A flowerless room is a soulless room, to my way of thinking; but even a solitary little vase of a living flower may redeem it.Vita Sackville-West
The British cut flower industry was in freefall by the 1970s. Imported flowers were becoming more available with more exotic blooms at generally cheaper prices. In 1970 there were 120 chrysanthemum growers registered in the UK and by 2013 they had fallen to just three. However, overall demand for cut flowers increased over that same period with most of that business going to imported flowers.
However, today the consumer has become much more aware of the problem of air miles and is missing the wondeful scent of freshly cut British flowers absent from imported varieties. Brexit has rekindled a love for home grown produce and we believe this market segment can expand rapidly in the coming years.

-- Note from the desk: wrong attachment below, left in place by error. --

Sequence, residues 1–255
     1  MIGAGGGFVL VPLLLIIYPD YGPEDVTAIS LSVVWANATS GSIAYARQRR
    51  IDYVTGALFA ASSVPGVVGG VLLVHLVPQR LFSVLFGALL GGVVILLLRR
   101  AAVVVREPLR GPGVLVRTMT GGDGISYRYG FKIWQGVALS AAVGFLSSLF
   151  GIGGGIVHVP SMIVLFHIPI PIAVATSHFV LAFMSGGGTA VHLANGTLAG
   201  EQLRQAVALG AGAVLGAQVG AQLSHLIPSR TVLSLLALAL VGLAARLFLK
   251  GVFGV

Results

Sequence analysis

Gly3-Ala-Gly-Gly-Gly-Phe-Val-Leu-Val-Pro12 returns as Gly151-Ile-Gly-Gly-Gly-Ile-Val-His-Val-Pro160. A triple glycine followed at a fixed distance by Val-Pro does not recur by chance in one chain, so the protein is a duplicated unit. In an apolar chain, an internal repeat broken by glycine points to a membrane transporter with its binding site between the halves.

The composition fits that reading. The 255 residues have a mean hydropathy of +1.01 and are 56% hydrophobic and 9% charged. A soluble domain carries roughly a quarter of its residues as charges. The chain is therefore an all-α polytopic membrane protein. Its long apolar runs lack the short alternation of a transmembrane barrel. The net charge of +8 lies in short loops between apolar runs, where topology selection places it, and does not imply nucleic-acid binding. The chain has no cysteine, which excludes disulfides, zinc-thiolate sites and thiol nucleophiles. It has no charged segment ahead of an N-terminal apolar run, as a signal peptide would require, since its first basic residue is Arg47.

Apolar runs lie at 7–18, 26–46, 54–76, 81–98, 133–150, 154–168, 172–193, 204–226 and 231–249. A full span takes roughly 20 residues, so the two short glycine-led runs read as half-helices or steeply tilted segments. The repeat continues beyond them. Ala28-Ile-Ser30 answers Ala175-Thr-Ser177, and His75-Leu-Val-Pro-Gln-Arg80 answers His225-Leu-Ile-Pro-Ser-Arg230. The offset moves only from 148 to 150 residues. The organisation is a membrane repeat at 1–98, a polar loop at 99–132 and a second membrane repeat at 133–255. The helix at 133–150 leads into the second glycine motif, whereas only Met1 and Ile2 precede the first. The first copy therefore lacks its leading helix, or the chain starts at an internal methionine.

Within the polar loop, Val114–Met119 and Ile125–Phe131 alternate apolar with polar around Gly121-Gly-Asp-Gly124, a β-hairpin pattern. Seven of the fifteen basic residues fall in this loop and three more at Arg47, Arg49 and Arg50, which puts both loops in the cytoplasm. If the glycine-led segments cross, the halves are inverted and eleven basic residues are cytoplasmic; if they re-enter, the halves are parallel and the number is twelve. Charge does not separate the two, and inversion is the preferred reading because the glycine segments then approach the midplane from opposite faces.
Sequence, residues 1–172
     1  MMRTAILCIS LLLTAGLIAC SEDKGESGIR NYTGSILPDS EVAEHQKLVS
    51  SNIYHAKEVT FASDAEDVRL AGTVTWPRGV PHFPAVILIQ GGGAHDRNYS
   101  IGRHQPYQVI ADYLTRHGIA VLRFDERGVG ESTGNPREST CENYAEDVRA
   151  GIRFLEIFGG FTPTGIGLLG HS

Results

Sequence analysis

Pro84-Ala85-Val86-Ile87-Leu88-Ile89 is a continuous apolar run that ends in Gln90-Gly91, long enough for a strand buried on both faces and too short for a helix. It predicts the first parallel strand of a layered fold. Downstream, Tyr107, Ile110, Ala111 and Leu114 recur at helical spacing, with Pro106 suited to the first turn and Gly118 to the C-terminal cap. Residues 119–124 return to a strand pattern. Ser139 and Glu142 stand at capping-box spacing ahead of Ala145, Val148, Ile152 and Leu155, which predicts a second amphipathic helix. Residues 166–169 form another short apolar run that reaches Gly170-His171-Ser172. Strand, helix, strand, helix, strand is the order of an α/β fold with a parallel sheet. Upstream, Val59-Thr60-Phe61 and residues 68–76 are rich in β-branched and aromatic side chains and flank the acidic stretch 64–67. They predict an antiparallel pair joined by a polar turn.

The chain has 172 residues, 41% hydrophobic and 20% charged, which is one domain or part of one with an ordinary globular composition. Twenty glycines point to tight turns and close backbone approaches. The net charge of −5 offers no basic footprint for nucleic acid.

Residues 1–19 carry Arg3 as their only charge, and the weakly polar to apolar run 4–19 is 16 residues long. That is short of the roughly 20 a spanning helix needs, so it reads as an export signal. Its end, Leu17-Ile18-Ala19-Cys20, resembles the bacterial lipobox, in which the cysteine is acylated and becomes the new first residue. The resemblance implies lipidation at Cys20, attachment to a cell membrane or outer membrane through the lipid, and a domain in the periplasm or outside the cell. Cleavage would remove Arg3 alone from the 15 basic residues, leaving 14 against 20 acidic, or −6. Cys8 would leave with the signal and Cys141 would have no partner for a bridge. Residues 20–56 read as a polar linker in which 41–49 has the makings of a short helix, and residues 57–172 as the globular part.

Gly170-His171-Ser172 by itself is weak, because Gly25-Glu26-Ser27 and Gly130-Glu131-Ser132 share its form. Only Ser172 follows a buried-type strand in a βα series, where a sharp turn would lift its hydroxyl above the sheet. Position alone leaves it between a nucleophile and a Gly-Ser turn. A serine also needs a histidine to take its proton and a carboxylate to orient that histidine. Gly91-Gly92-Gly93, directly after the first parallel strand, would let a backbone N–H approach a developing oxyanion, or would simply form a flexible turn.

The inspiration for this line has come from visits to Carol’s garden in Cheshire where Carol and Paul enthusiastically (if not a bit compulsively) cultivate over 500 different varieties of garden and wild flowers. Yes wild flowers! As wildflowers have been decimated in our hedgerows, they have become more sought after in our flower arrangements. It is interesting that Carol works with nature instead of in a monoculture fashion producing so many hundred of each bloom in regimented rows but finds that the more forward-thinking florists are happy to take what looks best at the time rather than place orders for so many dozen daffodils for example. That method suits our intentions and we look forward to reporting progress in this area this season.